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On Thursday, 12 Instacart “shoppers” across 11 states filed a proposed federal class-action lawsuit against the San Francisco startup, alleging a breach of state and federal labor laws.
The Instacart lawsuit is one of several currently targeting so-called “sharing economy” startups, and they all get at the same question: can workers be accurately classified as independent contractors, or should they properly be designated as employees? In Instacart’s case, customers order groceries online, but those groceries are then picked up and delivered by the company’s shoppers.
So, should those shoppers be treated as employees?
Classifying such workers as employees rather than contractors would entitle them to a number of benefits under federal law.

This includes unemployment benefits, workers’ compensation, the right to unionize, and, most importantly, the right to seek reimbursement for mileage and tips.

This reclassification would also incur new and significant costs for Instacart and other affected companies, including Uber and Lyft.

An on-demand cleaning service, Homejoy, shut down last year just months after it was hit with a similar labor lawsuit.
The three labor law experts with whom Ars spoke agreed that this underlying sharing economy issue would not be resolved anytime soon.
It may, they said, have to be taken up by the Supreme Court at some point.
“Instacart—like Uber—seems to be clearly misclassifying their workers,” Veena Dubal, a law professor at the University of California, Hastings, told Ars by e-mail.
She continued:

In the Uber case, thus far, no class action has effectively forced enforcement, despite any number of cases being filed in different state and federal courts and a strong case that Uber is an employer. Perhaps taking a lesson from the Uber litigation, this Instacart case takes a new approach: alleging misclassification across jurisdictions and across wage protection laws.

A drawback of this strategy is that each state law has to be addressed on its own terms.

This may—or may not—elongate and complicate the litigation.

In the new lawsuit, called Husting v. Maplebear dba Instacart, all of the plaintiffs allege that they did not receive reimbursement for work-related expenses, did not receive proper overtime pay, and “regularly” were not paid at or above minimum wage.
As the civil complaint states:

Plaintiffs were required to make themselves available to perform work within a predetermined range of time each day but were not compensated in a manner that guaranteed they were compensated at or above the applicable minimum wage during those hours.

During nonproductive time, or time during which Plaintiffs were required to make themselves available for work but were not given an assignment, Plaintiffs were not compensated in any manner whatsoever. On various occasions during the relevant period, Plaintiffs spent sometimes up to four hours of a designated shift sitting in their cars in a grocery store parking lot awaiting direction from Instacart. Plaintiffs were not compensated for this time in any manner.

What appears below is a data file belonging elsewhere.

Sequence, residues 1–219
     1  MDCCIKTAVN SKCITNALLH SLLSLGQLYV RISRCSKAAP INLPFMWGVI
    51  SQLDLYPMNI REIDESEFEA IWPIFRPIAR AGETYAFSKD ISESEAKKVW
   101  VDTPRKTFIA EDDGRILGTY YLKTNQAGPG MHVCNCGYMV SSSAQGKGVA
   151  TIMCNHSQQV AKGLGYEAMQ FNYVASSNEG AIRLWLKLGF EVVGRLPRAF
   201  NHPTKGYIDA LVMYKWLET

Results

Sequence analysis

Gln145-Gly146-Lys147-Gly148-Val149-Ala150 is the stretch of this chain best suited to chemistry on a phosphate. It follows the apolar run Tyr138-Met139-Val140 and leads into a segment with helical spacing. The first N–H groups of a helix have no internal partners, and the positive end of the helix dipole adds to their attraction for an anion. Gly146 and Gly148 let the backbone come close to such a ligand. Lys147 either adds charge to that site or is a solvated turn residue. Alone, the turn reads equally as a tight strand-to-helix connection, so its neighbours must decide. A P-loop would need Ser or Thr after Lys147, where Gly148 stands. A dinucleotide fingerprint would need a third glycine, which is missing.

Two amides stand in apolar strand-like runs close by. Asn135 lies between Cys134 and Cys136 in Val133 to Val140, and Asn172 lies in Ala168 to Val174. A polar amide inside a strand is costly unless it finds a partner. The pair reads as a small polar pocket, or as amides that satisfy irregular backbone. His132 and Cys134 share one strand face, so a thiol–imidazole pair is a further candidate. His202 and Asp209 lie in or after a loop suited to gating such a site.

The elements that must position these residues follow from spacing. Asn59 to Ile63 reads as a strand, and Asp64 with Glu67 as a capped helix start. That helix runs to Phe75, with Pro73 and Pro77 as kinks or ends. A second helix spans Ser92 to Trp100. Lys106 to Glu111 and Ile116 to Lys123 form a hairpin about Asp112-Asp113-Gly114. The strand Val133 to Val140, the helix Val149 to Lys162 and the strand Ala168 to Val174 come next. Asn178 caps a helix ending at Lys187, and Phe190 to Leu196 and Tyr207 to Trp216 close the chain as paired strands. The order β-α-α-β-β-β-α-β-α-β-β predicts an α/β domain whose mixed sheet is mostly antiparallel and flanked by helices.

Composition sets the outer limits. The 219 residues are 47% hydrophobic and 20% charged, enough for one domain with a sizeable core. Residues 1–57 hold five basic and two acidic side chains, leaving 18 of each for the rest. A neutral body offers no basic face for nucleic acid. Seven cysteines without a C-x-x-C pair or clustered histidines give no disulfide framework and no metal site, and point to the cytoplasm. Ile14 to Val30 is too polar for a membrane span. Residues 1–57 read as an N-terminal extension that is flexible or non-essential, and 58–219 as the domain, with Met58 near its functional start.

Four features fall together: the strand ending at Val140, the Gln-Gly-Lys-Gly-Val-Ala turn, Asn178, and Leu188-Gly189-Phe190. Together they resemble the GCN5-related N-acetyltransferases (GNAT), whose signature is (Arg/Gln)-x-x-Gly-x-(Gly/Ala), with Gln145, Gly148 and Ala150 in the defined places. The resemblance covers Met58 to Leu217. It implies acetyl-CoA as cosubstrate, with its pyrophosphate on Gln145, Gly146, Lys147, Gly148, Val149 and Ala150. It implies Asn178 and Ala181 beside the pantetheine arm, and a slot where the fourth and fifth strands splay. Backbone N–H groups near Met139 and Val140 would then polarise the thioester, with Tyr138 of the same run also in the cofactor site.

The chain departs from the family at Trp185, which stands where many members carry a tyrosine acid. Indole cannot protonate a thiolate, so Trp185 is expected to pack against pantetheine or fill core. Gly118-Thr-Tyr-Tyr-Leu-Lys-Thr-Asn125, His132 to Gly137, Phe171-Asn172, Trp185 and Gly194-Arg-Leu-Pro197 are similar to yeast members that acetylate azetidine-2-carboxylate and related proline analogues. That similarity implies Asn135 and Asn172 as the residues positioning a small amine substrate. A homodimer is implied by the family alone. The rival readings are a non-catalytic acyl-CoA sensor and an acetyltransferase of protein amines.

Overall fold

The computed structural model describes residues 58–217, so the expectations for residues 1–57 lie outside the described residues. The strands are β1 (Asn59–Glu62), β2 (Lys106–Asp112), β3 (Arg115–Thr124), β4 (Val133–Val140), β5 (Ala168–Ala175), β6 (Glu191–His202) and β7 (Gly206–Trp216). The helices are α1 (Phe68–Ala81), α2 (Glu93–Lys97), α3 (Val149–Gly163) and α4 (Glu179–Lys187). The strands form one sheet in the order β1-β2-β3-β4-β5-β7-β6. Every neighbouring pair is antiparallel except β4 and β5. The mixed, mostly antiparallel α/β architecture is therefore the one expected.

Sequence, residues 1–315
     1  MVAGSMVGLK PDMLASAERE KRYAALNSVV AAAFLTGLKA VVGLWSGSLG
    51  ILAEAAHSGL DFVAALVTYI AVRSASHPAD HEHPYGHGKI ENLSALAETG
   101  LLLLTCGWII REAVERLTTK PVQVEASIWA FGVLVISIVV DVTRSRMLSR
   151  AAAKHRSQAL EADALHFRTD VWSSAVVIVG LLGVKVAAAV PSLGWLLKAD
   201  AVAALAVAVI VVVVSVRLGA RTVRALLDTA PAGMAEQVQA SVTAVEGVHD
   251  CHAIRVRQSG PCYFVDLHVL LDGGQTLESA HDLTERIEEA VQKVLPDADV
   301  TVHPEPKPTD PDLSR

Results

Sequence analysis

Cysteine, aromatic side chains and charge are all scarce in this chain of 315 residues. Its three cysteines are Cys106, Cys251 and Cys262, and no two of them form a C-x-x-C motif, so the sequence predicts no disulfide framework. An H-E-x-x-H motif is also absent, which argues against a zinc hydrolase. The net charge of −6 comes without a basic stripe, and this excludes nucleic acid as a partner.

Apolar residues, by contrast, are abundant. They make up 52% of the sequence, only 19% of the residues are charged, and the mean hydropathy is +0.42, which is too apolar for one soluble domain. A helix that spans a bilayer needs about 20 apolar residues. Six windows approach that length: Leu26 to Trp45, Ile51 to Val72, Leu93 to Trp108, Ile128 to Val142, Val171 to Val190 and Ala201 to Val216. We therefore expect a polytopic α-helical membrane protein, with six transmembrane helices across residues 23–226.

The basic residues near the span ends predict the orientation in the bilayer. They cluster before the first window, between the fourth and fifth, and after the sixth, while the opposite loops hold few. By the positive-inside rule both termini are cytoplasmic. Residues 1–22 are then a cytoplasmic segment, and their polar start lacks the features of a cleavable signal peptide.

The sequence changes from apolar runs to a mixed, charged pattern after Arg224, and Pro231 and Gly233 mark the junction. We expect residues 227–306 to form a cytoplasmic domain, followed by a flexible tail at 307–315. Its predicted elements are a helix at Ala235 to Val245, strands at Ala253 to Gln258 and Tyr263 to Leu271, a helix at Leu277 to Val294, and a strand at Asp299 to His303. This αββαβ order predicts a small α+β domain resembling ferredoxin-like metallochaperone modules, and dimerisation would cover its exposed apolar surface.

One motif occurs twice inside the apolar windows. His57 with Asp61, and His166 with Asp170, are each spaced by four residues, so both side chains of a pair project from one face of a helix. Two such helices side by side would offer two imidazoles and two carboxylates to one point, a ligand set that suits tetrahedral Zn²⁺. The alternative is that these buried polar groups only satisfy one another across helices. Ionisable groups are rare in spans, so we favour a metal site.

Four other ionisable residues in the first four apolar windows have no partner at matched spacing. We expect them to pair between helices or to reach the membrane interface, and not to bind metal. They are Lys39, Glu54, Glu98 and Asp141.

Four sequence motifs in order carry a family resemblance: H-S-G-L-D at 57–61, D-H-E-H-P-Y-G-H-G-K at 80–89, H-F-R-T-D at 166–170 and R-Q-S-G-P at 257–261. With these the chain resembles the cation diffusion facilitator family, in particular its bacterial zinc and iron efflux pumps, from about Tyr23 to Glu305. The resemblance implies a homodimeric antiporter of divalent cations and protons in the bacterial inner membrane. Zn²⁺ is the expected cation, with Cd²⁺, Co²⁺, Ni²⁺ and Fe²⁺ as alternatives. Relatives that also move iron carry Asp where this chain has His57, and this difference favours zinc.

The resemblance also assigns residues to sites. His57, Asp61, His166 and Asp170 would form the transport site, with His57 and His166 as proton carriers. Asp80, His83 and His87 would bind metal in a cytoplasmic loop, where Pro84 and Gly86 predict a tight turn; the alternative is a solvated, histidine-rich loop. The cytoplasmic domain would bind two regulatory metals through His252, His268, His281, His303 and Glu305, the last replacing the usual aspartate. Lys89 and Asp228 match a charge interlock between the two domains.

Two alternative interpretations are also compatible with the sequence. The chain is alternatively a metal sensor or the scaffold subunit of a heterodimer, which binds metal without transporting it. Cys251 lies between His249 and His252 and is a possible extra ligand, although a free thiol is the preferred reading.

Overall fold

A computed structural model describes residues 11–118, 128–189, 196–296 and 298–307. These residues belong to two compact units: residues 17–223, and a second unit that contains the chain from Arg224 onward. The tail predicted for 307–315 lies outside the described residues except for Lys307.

The San Francisco-based lawyers that brought this case also filed a similar lawsuit (Cobarruviaz v. Maplebear dba Instacart) in 2015.

That suit remains technically pending, but was ordered to arbitration.
This new case, with new plaintiffs, takes into account an August 2016 decision by the 9th US Circuit Court of Appeals, which found that employees cannot be forced into binding arbitration, a private legal process that generally favors corporations and makes collective cases (class actions) all but impossible.

The main difference, of course, between the 9th Circuit’s ruling and this new case, Husting, is that Instacart will likely argue that the plaintiffs are not, in fact, employees.
Rebecca Silliman, an Instacart spokeswoman, e-mailed that the company would not “comment on anything pending.”
Holding feet to the fire?

In June 2015 Instacart took the unusual step of allowing its delivery staff, which until then was comprised entirely of contractors, the option to become part-time workers capped at 30 hours per week.
As Ars reported at the time, Instacart spokeswoman Andrea Saul specifically denied that the 30-hour cutoff was designed to avoid providing health care to shoppers and drivers under the Affordable Care Act (ACA), in which full-time employment is defined as “an employee who is employed on average at least 30 hours of service per week.” The ACA, among other things, requires that employers with more than 50 employees provide health care to their workers and their families.
Instacart’s own office-based full-time jobs boast “comprehensive health, dental, and vision coverage” and a “smorgasbord of food while you work, including lunch and dinner catered daily,” according to company listings.
In-store jobs (the overwhelming majority of the company’s workforce) only offer “$15/hr flat rate pay” and boast “flexible hours—no need to work the same schedule every week!”
Miriam Cherry, a labor law professor at Saint Louis University, said the following to Ars in an email:

The issue I have the most trouble with here is that Instacart did do a major PR blitz during the first lawsuit, saying that they were going to start moving the workers into employee positions. Now it looks like they didn’t do that, despite all the positive PR that they received from that announcement. Maybe the plaintiffs in this go-round are trying to hold them to some of their promises that they made in the press.

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